Sunday, March 14, 2021

Recommended Reading: Novels in Verse

As some of you may know, I recently attended WriteOnCon, an online writing conference, where I attended a wonderful session by Megan E. Freeman on writing novels in verse. For a while now, I’ve been in love with the style, as is evident from my previous post, 7 Reasons I Enjoy Novels in Verse, and I would like to some day write one of my own.

For now, though, I thought I’d share some of the ones I enjoyed in hopes of convincing more readers to fangirl/fanboy along with me. My recommendations are by no means extensive, and some readers may argue that some novels might have been better in prose rather than verse, but I enjoyed them for their form.

The following books are organized by authors’ last names.

1.   Audacity by Melanie Crowder (young adult; see book review)

You will lose,
I say
if you try to strike
on your own without us.
[...] It is only by standing together
—men and women—
that we can ever hope
to outlast them.

Personally, I find it easier to learn about historical events when I can connect with the people and their stories. This book focuses on the story of Clara Lemlich, who fought for women’s rights in the workplace. I may be making the book sound dull, but the story is far from it.

2.   Somewhere Among by Annie Donwerth-Chikamatsu (middle grade)

A story about American citizens set in a foreign country? Yes, please! Though I’m not Japanese and haven’t been to Asia just yet, I could still relate to the characters, especially when it comes to the difficulty of time zones. Not to mention the story is also historical fiction set during 2001—wait, did I just call something that happened in my lifetime “historical?” Please excuse me while I have an existential crisis.

3.   Full Cicada Moon by Marilyn Hilton (MG; see book review)

“On this clear and moonless night,
Mama and I wrap up in our winter clothes
and go outside to watch and listen.
The trees beyond our backyard form a torn-paper line
between the snow and this sky
filled with stars.”

Of all the novels in verse I’ve read, this one is one of the most memorable. A delightful story about Mimi, a young girl who dreams of becoming an astronaut and moves with her family to a new town. Not to mention the gorgeous imagery, which is one of the many reasons I love poetry.


4.   Inside Out & Back Again by Thanhha Lai (MG)

“Would be simpler
if English
and life
were logical.”

When I see people recommend novels in verse, I tend to see this one recommended all the time. Not to mention, it’s a Newbery Honor Winner, so of course it gets a lot of attention. But it’s sooo good, so I won’t complain. The story focuses on Há, a young immigrant who moves to America from Vietnam with her family, and how she struggles to learn how to adjust to a new country and the complexities of the English language.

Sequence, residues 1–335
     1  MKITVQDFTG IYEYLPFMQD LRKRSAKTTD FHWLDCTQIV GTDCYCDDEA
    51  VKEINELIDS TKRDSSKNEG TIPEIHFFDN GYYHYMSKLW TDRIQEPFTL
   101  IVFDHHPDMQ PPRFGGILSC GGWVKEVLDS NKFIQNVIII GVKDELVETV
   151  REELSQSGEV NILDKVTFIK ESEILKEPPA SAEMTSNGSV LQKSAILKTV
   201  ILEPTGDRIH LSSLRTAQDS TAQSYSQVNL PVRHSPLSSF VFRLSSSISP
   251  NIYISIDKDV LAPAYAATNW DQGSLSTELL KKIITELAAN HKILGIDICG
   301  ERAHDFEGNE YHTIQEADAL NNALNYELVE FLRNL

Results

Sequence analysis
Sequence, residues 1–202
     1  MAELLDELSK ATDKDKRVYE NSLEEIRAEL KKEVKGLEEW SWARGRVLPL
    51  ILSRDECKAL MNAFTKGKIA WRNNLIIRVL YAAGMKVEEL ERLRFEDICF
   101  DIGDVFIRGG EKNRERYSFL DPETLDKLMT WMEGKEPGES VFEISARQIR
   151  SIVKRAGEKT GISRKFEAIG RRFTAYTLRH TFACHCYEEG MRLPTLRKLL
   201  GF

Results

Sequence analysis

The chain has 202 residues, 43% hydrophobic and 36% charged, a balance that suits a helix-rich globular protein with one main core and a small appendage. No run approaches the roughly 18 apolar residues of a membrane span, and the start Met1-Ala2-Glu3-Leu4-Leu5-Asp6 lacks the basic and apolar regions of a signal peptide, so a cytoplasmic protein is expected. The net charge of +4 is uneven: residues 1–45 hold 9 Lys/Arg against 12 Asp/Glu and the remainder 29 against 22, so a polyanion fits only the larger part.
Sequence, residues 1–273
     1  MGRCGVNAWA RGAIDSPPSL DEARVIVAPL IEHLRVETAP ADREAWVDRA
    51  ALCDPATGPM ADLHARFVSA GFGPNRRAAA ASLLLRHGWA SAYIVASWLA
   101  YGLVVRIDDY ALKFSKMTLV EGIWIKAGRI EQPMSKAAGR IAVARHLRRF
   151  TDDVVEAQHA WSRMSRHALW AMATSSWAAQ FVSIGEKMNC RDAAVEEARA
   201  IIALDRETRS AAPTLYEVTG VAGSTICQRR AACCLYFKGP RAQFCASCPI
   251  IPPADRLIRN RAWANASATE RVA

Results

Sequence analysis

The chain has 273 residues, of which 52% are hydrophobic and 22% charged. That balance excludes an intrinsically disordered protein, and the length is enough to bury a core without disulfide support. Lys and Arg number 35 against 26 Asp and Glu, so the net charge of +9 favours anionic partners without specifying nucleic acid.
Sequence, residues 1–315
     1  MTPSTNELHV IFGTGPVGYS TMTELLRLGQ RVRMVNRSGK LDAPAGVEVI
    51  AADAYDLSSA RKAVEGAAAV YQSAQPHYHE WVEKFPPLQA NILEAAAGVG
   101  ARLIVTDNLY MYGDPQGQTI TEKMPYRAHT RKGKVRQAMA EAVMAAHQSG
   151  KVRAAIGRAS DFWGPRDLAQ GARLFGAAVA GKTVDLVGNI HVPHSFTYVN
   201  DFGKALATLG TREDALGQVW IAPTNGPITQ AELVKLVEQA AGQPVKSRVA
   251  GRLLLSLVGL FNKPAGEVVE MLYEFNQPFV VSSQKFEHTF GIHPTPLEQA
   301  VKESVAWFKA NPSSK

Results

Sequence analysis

5.   Blood Water Paint by Joy McCullough (YA)

This book was probably the most intense, so much so that I almost didn’t finish it, but it was ultimately worth the read, at least for me. The story focuses on a poetic interpretation of the life of Artemisia Gentileschi, a historic Italian painter, whose work often emphasizes empowering women. I learned a lot about history, injustice, and overcoming.


6.   Saving Red by Sonya Sones (YA)

This book was the first novel in verse I ever read, and it got me hooked on the style. After all, what’s not to like about the way stories combine with imagery? You can’t have purple prose if it’s not in prose. When I first started reading novels in verse, I found I also liked the style because the chapters were so short, and before I knew it, I’d finished more than I might have if the chapters had been long.


This April, I plan on reading a novel in verse a day (during weekdays only because let’s face it, work is hard). I gave up social media for lent, but after Easter, you can follow me on Instagram to see exactly what I’m reading.

Here are just some of the novels in verse on my To-Be-Read list:

  • Clap When You Land by Elizabeth Acevedo
  • The Crossover by Kwame Alexander
  • Bull by David Elliot
  • Alone by Megan E. Freeman (top of the list!)
  • Planet Middle School by Nikki Grimes
  • Out of the Dust by Karen Hesse
  • Butterfly Yellow by Thanhhá Lai


Let’s chat! Have you read any of the books I’ve mentioned? When’s the last time you read a novel in verse? Have any favorites?




Similar posts: Self-Publishing Poetry: A Glimpse into the Making of Dandelion Symphony, 7 Things I Learned from Writing Poetry, and 7 Reasons I Enjoy Novels in Verse

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